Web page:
When the health visitor comes round, they give you one of those questionnaires to ask whether you’re happy and smiley as usual. They total up your scores and if you get 13 or more they get concerned. I scored 12. So they didn’t worry about me. They said I was fine, everything was okay. I believed them. I had nothing to compare it to. I thought all new mothers felt this way – slightly hollowed out and crushed under the responsibility of it all. The Dude sat across the room, knowing that something was desperately wrong, not knowing what to do about it. (He only told me that years later, and strangely, I love him all the more for knowing that he saw it.)

The questionnaire is just a guideline. And self-report is notoriously bad as an evaluative tool. It’s alright to speak up on behalf of those you love. Because sometimes, the illness overwhelms, and we can’t see how far away from normal we really are.

  1. It affects the whole family – but not in the way you think.

I didn’t want to admit to myself, or anybody else, that there was a problem. The Dude knew, of course. He would come in the door and take Little Person, and I would disappear into the bedroom just to escape it all. I was drowning. And The Dude was doing his best to save me, but there was a hole in the lifeboat. I would not be here today if it were not for The Dude. But it took a mental toll. He spent the first three years of Little Person’s life making sure she felt loved, and cared for, because I could not do it. I felt like a failure as a mother, and as a wife. But I think that he felt like a failure too, because he could not help me. He could not get me out of that mess. Even though he was not a failure, because he managed to keep me going. And he cared for The Little Person. And he had nobody to help him.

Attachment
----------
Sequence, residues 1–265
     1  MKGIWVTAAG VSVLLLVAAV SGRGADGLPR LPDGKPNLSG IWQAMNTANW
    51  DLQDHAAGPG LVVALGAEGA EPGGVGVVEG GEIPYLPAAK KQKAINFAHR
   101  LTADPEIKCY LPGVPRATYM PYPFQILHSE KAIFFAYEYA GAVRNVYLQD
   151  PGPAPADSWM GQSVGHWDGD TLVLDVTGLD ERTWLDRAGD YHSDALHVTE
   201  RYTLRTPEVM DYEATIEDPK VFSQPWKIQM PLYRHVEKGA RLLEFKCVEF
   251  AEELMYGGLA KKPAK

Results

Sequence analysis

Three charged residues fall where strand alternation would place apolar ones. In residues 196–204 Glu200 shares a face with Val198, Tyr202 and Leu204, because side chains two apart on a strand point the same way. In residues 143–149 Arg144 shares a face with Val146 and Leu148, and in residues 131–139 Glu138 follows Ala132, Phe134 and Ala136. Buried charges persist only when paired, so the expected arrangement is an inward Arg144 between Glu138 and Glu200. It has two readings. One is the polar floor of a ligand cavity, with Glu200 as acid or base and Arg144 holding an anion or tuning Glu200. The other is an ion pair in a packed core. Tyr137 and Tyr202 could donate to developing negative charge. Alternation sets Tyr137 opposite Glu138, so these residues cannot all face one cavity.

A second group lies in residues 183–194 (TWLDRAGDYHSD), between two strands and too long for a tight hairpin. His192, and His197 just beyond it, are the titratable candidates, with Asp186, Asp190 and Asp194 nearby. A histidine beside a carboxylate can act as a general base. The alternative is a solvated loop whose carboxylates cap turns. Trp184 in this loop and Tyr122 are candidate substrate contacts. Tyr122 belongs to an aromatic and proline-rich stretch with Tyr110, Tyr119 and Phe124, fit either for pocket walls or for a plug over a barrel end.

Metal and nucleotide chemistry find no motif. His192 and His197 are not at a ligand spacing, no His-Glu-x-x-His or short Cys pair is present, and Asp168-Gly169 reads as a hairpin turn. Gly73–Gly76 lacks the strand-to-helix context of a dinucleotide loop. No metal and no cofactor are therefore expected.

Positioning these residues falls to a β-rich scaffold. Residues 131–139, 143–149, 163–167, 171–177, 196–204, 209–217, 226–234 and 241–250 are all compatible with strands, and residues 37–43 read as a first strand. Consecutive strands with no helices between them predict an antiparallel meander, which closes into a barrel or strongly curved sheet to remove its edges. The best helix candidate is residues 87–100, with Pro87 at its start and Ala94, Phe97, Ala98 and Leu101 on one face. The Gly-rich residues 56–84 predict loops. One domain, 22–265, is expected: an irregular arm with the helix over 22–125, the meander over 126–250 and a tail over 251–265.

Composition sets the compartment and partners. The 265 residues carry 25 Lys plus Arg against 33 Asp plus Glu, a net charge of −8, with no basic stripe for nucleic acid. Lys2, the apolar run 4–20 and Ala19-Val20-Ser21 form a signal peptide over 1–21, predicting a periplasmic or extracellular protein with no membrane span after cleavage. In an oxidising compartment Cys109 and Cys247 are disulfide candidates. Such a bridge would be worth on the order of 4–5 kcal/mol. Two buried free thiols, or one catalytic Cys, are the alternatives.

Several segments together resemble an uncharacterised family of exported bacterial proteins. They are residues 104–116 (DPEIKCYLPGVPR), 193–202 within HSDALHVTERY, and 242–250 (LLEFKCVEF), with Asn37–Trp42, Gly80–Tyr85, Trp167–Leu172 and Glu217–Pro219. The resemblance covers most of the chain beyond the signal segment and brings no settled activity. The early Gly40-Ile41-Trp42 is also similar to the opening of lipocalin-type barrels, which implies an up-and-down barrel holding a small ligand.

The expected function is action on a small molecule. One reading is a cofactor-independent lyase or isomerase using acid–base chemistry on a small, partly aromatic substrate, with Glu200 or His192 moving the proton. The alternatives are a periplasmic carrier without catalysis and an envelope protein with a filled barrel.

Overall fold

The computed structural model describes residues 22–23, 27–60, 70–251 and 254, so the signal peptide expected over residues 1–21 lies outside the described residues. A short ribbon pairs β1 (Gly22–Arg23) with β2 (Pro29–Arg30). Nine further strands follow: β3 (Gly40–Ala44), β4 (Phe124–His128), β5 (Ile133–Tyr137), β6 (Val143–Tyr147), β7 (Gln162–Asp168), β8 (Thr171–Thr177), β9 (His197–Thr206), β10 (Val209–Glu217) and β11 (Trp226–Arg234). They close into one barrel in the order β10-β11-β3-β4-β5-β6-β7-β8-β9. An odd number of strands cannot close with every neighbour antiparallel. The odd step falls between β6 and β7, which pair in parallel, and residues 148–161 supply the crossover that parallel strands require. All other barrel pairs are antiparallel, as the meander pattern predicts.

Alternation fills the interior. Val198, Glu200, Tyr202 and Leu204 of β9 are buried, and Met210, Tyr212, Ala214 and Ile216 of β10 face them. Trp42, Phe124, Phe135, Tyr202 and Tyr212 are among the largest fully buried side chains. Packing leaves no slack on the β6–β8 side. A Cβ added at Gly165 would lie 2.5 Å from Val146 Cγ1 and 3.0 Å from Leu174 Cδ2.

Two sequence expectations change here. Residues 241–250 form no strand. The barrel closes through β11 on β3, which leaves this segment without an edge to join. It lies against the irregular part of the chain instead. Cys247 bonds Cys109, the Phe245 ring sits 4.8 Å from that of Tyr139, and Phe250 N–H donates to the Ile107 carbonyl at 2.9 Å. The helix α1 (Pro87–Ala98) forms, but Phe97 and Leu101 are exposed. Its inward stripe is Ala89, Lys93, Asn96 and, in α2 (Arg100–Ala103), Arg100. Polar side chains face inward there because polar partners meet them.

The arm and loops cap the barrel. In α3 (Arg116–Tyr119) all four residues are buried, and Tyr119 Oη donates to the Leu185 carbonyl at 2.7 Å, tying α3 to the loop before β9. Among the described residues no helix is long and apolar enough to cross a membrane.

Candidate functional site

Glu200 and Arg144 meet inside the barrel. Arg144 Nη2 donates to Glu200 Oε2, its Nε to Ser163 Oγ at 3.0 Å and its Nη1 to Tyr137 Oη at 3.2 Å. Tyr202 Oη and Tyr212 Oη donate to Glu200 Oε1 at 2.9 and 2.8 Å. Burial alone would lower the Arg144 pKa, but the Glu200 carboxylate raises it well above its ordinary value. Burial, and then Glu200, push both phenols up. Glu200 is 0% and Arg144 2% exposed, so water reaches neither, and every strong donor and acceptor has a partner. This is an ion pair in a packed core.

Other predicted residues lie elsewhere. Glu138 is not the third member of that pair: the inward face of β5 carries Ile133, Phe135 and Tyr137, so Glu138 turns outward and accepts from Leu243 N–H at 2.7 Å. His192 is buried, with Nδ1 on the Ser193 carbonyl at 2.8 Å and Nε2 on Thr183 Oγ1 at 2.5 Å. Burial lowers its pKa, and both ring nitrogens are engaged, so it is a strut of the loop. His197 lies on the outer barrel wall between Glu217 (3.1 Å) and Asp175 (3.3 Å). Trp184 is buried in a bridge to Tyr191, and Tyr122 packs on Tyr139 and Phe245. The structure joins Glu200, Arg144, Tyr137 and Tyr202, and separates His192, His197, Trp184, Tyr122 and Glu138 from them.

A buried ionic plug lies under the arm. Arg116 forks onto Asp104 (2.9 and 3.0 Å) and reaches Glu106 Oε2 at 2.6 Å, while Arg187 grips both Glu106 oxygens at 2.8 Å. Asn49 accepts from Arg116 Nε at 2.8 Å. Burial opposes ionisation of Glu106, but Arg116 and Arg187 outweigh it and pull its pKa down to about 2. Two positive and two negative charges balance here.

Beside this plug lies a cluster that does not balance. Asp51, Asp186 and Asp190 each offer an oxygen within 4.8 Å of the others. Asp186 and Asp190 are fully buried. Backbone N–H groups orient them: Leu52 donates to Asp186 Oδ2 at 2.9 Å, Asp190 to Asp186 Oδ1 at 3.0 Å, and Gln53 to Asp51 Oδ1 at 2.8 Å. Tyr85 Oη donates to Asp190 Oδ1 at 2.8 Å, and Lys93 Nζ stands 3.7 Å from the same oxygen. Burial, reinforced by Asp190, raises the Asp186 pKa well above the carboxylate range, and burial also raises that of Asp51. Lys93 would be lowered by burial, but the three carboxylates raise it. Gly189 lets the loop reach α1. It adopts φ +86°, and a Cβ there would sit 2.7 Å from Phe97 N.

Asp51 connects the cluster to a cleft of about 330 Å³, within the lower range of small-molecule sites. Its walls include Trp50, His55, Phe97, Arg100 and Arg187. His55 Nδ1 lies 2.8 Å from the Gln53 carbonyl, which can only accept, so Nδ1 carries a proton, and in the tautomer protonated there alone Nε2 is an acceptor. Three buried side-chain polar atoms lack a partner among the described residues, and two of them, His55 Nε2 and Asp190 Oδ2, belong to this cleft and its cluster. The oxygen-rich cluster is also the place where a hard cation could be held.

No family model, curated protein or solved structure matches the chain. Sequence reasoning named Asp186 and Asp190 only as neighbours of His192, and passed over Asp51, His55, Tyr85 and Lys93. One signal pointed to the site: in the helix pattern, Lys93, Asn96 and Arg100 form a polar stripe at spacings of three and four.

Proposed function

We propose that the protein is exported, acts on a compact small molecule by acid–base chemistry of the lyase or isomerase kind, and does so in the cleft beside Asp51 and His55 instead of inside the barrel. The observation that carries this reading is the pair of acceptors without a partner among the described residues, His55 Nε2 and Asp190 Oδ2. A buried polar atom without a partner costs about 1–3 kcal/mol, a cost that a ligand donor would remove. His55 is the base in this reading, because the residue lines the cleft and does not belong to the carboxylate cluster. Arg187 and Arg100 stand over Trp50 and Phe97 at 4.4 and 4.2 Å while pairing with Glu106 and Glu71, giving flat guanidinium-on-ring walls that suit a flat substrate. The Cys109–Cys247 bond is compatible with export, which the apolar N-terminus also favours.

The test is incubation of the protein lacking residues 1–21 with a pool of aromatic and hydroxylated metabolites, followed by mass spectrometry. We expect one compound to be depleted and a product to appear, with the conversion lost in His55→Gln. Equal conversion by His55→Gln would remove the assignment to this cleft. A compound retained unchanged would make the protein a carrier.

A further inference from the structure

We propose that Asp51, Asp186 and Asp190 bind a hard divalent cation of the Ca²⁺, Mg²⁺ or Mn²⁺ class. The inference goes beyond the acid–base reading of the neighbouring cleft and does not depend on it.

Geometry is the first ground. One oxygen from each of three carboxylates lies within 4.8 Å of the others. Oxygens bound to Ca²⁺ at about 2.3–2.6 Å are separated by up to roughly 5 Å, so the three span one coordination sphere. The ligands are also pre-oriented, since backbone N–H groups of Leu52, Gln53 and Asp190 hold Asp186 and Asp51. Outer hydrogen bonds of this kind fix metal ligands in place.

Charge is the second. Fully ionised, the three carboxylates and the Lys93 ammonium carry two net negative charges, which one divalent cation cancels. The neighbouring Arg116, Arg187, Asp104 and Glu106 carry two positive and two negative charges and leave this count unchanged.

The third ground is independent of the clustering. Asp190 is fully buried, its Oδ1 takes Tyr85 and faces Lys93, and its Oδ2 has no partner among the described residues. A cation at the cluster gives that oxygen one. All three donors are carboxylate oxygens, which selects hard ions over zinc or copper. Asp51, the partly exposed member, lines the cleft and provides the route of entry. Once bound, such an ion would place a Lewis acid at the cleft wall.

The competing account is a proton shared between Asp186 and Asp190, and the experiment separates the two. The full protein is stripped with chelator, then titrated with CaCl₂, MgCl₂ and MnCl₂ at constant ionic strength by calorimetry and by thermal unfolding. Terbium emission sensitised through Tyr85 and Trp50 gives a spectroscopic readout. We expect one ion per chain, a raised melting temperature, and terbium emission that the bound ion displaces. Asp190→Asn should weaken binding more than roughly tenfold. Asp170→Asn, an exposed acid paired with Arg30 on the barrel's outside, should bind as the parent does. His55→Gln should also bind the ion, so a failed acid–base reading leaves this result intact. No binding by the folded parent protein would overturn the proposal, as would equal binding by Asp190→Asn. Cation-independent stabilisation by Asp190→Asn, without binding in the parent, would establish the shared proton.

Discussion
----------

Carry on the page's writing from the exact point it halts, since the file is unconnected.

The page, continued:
People are quick to acknowledge that a woman may struggle with PND, quick to acknowledge that this would have a negative impact on the baby (although this is not strictly true). But people fail to recognise the gut-wrenching heartache that is watching somebody endure such hardship, finding only tears when they should be finding joy. In reaching out to the mother, let us not forget to reach out to the rest of the family, because these things are hard for them too.

  1. Small moments of kindness make a big difference. Especially repeated.

I went away with The Dude, and when I came home, my friend had potted some plants in our backyard. It meant that when I stood washing dishes or baby bottles, I could look out at the plants and smile. Because somebody had thought of me, and somebody was thinking of me. But I suspect that part of the reason that it had such an impact was because I could look at it every day. It is so easy to forget the positives when you are in a negative place. When you are expending all your energy finding a way to get through to the end of the day, it can be difficult to make a change, to think about good things, to plan for a better day. That means that people need to come in and keep doing the things that you need to make you feel better. Not once, not twice, but over and over again. And here’s the really tricky bit, at least in my case. Most of the time I couldn’t tell you what would help. Which is helpful. Not.